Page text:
For the last year, I’ve been laser-focused on creating more joy at work. In fact, the idea of creating joy outside of work would never have occurred to me had I not been searching for my own.
Over the last three years, I’ve watched our revenues triple, our payroll expenses skyrocket by 500% and my personal joy value plummet. Long-gone are the days when going to work meant I could roll up my sleeves and get down to the business of creating great marketing content for my clients. In its place, a plethora of joy-sucking tasks like daily HR meetings, legal calls and conversations upon conversations about work-life balance quickly replaced my joy. With this workload on my plate, it’s no wonder my creative soul was in despair. I’m a writer, for goodness’ sake. How did my work and life end up here?
When I examined my happiest days at work throughout my career, I soon realized they weren’t the days I was making the most money. Instead, they were the ones when my creative talents were used fully by my organization. Only then could the full breadth of my abilities be set free and used for the greater good.
The Currency Of Joy
So today, joy is the currency by which I measure my success. In this world of wireless connections, never-ending emails and Instagram likes and shares, I’d somehow been misled to believe that if I didn’t strive harder, do more or stay fully engaged with my company, then I’d miserably fail. What I learned was that, for me, the reverse was true: It was only when I took a much-needed break from the life I’d tethered myself to that I came to realize this simple truth.
After taking a complete all-hands-off 90-day break from work, I realized how ridiculously burned out I’d become. During that much-needed time off, it became clear that I was risking my health and sanity for the success of our organization by taking on work I was not wired to do.
So, in an effort to reclaim more joy in my days, I focused on these five simple things to redefine workplace success:
1. Punch the clock.
Take a break and go home. I mean it. Really go home. The work will be there, I promise. And by not engaging after-hours, you’ll show up more vibrant, rested and focused the next day. By committing to run an organization that does not require 24/7 accessibility, we’ve been able to attract clients and talent whose values reflect our own.
We enforced an after-hours email policy that prohibits our employees from engaging in email after 7 p.m. on weekdays and on weekends. As a result, we have all been able to benefit from the downtime needed to refresh, reconnect and recharge our creative batteries.
2. Find your peeps.
Finding people at work who get you, think like you, or with whom you share complementary talents and gifts, allows your contributions to your organization to be greater, resulting in increased creativity and higher productivity.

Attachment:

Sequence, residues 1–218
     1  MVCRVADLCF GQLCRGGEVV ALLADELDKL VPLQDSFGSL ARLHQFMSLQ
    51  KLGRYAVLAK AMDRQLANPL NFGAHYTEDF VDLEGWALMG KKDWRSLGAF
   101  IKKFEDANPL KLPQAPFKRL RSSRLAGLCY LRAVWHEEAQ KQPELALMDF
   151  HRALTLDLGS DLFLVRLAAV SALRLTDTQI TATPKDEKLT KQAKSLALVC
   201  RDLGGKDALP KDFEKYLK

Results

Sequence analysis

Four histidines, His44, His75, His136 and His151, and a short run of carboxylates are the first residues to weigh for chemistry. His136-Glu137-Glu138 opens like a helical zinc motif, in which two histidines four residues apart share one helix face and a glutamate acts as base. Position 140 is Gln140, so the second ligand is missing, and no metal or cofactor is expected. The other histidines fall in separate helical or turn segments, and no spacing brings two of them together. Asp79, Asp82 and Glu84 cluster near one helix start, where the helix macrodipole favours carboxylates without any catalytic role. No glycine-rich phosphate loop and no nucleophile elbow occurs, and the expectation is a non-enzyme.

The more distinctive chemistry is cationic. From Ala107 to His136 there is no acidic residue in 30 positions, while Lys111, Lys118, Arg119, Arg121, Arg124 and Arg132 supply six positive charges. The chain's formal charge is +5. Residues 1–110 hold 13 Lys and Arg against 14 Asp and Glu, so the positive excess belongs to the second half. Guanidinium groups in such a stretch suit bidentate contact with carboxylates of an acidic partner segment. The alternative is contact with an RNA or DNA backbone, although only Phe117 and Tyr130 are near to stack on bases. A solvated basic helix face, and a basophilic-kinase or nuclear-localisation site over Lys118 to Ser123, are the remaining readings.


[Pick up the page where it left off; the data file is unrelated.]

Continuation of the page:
So today, instead of saying “yes” to everything I cando, I now only commit to those things only I can do. In any given decision making moment, ask yourself, “Is this something that only I can do?” If the answer is no, delegate the task and assign it to the person most likely to be energized by the work. In the end, they win, you win and your organization and clients will be happier.
3. Bring your true self to work.
I am amazed at how much pretending goes on day in and out at work. If you consider that you spend more time in life at work than you do at home with friends and family, it becomes clear that pretending to be someone you’re not wears on the soul.
Finding your voice is as important at work as it is outside of work. For me, that looks like blogging, writing and sharing my story with others. For my employees, it means they are supported in the work they do outside of their 9-to-5 commitments at Communiqué USA. So whether they’re running nonprofits, meeting kids at the bus stop or freelancing, they have space in their lives to live, work and play.
4. Be your team’s cheerleader.
It baffles me when leaders lose sight of the fact that they work as much for their employees as they do their clients. If you aren’t taking a vested interest in celebrating your team’s great work and sharing in their successes and wins, then you may be, in fact, diminishing workplace joy.
By recognizing organizational effort, even if it’s just sending a thank-you note or stopping by to give someone on your team a word of encouragement, you have the ability to create an environment that can inspire the best in others, thereby fueling your own personal fun factor.
5. Take a vacation.
Yeah, I said it! Take a vacation. I don’t care if it’s for three days or three weeks. Stress is a killer, and when you don’t take time to unplug, detox and recharge, then life has a funny way of showing up and making you sit your butt down.
This has happened to me too many times to count, so take my word for it — there’s no virtue in having months of saved up vacation days that roll over every year. On your deathbed, no one will applaud how many days you didn’t go on vacation.
After my 90-day hiatus, my team grew, I grew and I learned that our organization was healthier when I wasn’t hogging all of the work. What would your work life look like if you redefined how you measure workplace success? Why don’t you plan a mental health day and find out?